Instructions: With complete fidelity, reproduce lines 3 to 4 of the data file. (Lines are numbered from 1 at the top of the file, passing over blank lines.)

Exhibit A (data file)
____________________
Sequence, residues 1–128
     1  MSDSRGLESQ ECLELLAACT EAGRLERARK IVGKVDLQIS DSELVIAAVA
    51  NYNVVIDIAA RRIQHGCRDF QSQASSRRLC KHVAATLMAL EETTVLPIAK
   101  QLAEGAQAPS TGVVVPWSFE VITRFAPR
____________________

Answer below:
    51  NYNVVIDIAA RRIQHGCRDF QSQASSRRLC KHVAATLMAL EETTVLPIAK
   101  QLAEGAQAPS TGVVVPWSFE VITRFAPR